Jesus, suspended on the infamous wood of the cross between thieves, ~

Jesus, dishonoured before men, ~


Let us pray.

O good Jesus, Who hast suffered for the love of us an infinity of insults, and such humiliations as we cannot comprehend, imprint deeply in our hearts an esteem and love for them, and make us desire to practise them. Amen.

– St Anthony’s Treasury, Laverty & Sons, Leeds, 1916


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Christ’s passion: and the conversion of the Gentiles.

Unto the end, for the morning protection, a psalm for David.

O God my God, look upon me: why hast thou forsaken me? Far from my salvation are the words of my sins.

O my God, I shall cry by day, and thou wilt not hear: and by night, and it shall not be reputed as folly in me.

But thou dwellest in the holy place, the praise of Israel.

In thee have our fathers hoped: they have hoped, and thou hast delivered them.

They cried to thee, and they were saved: they trusted in thee, and were not confounded.

But I am a worm, and no man: the reproach of men, and the outcast of the people.

All they that saw me have laughed me to scorn: they have spoken with the lips, and wagged the head.

He hoped in the Lord, let him deliver him: let him save him, seeing he delighted in him.

For thou art he that hast drawn me out of the womb: my hope from the breasts of my mother. I was cast upon thee from the womb.

From my mother’s womb thou art my God, depart not from me.

For tribulation is very near: for there is none to help me.

Many calves have surrounded me; fat bulls have besieged me.

They have opened their mouths against me, as a lion ravening and roaring.

I am poured out like water; and all my bones are scattered.

My heart is become like wax melting in the midst of my bowels.

My strength is dried up like a potsherd, and my tongue hath cleaved to my jaws: and thou hast brought me down into the dust of death.

For many dogs have encompassed me: the council of the malignant hath besieged me.

They have dug my hands and feet. They have numbered all my bones.

And they have looked and stared upon me. They parted my garments amongst them; and upon my vesture they cast lots.

But thou, O Lord, remove not thy help to a distance from me; look towards my defence.

Deliver, O God, my soul from the sword: my only one from the hand of the dog.

Save me from the lion’s mouth; and my lowness from the horns of the unicorns.

I will declare thy name to my brethren: in the midst of the church will I praise thee.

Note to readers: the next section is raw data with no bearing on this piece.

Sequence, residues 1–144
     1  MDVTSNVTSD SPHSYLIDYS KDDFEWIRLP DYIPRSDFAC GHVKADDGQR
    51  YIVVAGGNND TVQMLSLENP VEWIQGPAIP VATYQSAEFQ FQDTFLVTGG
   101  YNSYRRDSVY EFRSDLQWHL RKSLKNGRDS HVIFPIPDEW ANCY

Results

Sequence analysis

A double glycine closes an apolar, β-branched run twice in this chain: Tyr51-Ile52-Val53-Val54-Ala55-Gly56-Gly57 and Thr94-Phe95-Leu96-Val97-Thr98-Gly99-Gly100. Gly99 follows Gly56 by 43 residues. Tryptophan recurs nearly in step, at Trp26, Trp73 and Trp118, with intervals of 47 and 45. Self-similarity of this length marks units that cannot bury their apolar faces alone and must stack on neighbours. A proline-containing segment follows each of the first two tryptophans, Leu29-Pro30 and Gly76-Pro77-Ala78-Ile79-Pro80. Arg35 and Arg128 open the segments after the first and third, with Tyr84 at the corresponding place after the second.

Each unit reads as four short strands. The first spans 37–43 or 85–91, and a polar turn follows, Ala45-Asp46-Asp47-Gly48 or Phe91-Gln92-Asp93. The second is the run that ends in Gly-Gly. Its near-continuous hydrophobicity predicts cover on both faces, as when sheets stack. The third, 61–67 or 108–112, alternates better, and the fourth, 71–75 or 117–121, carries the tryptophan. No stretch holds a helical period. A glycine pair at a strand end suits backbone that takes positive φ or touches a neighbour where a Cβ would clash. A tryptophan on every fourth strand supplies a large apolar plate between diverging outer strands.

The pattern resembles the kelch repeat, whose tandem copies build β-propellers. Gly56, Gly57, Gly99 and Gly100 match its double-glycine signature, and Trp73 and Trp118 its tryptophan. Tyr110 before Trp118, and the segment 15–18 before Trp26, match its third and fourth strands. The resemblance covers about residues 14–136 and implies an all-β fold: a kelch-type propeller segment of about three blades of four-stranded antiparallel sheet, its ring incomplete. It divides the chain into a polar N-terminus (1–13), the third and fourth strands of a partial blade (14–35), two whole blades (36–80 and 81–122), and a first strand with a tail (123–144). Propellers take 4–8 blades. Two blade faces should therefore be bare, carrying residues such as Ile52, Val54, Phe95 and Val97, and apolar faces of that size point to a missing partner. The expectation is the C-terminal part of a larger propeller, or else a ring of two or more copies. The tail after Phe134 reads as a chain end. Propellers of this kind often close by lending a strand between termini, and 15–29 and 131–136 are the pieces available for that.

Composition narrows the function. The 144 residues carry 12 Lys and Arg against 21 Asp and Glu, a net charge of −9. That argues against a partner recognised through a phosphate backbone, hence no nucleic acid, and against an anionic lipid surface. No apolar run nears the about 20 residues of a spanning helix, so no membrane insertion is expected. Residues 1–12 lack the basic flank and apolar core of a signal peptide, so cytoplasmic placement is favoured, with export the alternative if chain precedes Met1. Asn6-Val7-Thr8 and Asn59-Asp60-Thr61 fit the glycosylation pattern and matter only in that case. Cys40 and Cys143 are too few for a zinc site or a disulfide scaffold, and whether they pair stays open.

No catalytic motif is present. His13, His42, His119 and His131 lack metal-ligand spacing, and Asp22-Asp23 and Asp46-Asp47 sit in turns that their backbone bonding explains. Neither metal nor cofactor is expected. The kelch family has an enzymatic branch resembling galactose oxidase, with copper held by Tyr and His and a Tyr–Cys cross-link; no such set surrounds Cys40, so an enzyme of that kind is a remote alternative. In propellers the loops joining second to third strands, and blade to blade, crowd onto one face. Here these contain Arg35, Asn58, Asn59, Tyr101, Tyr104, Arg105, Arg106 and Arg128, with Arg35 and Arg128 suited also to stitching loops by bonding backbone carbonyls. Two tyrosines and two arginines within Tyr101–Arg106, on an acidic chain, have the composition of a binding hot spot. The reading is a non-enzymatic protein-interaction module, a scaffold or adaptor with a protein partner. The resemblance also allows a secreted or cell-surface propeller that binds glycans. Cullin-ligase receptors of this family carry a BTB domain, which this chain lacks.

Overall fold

Ye that fear the Lord, praise him: all ye the seed of Jacob, glorify him.

Let all the seed of Israel fear him; because he hath not slighted nor despised the supplication of the poor man.

Neither hath he turned away his face from me: and when I cried to him he heard me.

With thee is my praise in a great church: I will pay my vows in the sight of them that fear him.

The poor shall eat and shall be filled: and they shall praise the Lord that seek him: their hearts shall live for ever and ever.

All the ends of the earth shall remember, and shall be converted to the Lord:

And all the kindreds of the Gentiles shall adore in his sight.

For the kingdom is the Lord’s; and he shall have dominion over the nations.

All the fat ones of the earth have eaten and have adored: all they that go down to the earth shall fall before him.

And to him my soul shall live: and my seed shall serve him.

There shall be declared to the Lord a generation to come: and the heavens shall shew forth his justice to a people that shall be born, which the Lord hath made.

Psalm 21. Ver. 2. “The words of my sins”. That is, the sins of the world, which I have taken upon myself, cry out against me, and are the cause of all my sufferings.



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Let us meditate on the Passion

“In the opinion of Saint Bonaventure, meditation on the Passion is the first and most important of all devotions. And did not all the saints make the sorrows of Jesus Christ the constant object of their contemplations? Thus, to all souls who wished to advance in the love of God, the seraphic Doctor gave the advice never to let a day pass without meditating on the Passion.